The broad outlines of the story—that 75 million years ago a great catastrophe happened in this sector of the galaxy which caused profoundly negative effects for everyone since then—are publicly admitted to lower-level Scientologists. However, the details are kept strictly confidential, at least within Scientology.


The Church of Scientology forbade individuals from reading the OT III Xenu cosmogony without first having taken prerequisite courses.[35]Scientologists warn that reading the Xenu story without proper authorization could cause pneumonia.[35][36]


In a letter of the time to his wife Mary Sue,[42]Hubbard said that, in order to assist his research, he was drinking alcohol and taking stimulants and depressants ("I'm drinking lots of rum and popping pinks and greys").


Writing in the book Scientologypublished by Oxford University Press, contributor Mikael Rothstein observes that, "To my knowledge no real analysis of Scientology's Xenu myth has appeared in scholarly publications. The most sober and enlightening text about the Xenu myth is probably the article on Wikipedia (English version) and, even if brief, Andreas Grünschloss's piece on Scientology in Lewis (2000: 266–268)."[20] Rothstein places the Xenu text by L. Ron Hubbard within the context of a creation myth within the Scientology methodology, and characterizes it as "one of Scientology's more important religious narratives, the text that apparently constitutes the basic (sometimes implicit) mythology of the movement, theXenu myth, which is basically a story of the origin of man on Earth and the human condition."[20]Rothstein describes the phenomenon within a belief system inspired by science fiction, and notes that the "myth about Xenu, ... in the shape of a science fiction-inspired anthropogony,explains the basic Scientological claims about the human condition."[20]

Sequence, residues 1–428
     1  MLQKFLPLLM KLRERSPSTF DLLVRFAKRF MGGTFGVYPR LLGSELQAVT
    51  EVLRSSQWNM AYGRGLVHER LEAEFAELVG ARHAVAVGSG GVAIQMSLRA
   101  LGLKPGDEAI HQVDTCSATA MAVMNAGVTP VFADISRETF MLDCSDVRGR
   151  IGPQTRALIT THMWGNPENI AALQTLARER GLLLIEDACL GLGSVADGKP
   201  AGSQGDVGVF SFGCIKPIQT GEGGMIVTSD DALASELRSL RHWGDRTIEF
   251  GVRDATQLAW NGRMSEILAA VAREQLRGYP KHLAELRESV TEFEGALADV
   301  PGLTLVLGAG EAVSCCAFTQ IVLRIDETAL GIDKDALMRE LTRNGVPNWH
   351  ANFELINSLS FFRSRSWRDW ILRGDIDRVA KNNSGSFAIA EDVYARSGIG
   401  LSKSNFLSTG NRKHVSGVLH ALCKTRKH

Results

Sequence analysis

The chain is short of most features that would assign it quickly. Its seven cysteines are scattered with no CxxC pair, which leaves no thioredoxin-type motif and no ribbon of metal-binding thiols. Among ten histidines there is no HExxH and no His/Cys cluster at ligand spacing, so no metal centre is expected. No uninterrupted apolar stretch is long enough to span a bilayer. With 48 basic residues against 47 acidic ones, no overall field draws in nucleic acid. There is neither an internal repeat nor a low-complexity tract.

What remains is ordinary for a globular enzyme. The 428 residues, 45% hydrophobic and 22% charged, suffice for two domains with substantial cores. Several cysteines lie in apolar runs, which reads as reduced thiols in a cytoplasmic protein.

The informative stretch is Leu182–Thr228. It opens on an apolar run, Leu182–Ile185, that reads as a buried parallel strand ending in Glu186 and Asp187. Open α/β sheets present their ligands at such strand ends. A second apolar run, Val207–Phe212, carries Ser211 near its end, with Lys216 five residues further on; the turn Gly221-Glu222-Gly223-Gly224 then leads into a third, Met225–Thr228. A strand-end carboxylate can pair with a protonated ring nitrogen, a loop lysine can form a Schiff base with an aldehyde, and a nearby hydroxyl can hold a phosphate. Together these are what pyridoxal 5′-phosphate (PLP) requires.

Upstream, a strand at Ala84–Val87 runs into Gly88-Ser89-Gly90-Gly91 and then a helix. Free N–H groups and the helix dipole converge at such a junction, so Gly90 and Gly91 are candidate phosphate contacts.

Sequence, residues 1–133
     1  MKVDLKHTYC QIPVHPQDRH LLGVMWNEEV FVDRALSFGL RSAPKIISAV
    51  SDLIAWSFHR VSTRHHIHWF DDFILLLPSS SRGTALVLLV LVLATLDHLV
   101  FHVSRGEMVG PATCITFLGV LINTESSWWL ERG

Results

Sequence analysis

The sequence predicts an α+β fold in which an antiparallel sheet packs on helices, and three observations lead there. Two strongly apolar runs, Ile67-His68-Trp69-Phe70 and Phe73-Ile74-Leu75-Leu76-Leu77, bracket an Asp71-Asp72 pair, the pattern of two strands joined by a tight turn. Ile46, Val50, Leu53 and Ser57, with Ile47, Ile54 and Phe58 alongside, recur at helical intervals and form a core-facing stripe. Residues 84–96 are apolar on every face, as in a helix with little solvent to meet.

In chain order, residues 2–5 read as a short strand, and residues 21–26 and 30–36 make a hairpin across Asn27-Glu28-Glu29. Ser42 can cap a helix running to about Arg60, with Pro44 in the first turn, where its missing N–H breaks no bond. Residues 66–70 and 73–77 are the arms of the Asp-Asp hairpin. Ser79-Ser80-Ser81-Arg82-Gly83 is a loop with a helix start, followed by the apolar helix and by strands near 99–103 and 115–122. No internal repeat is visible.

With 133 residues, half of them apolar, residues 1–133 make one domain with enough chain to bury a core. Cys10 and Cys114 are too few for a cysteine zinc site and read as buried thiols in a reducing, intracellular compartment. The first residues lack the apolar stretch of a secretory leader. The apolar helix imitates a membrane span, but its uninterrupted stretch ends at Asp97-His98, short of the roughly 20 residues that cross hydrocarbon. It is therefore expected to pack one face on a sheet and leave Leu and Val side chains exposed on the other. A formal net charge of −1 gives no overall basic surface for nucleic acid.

LSD Thumbprint

On a normal large dose of LSD there is the high visual activity, sensory alteration, synesthesia, ego loss, etc, etc. On a thumbprint it feels like you completely short circuit your brain. All cognitive function stops. Like pouring water on a breaker panel it pops, then all connections and activity are fried. The cognitive filter is shut off and eternity is able to creep in. Obviously all brain activity doesn't stop because you keep breathing and your heart keeps pumping. The brain stem, hindbrain, medulla, pons and cerebellum are probably not affected. read on ...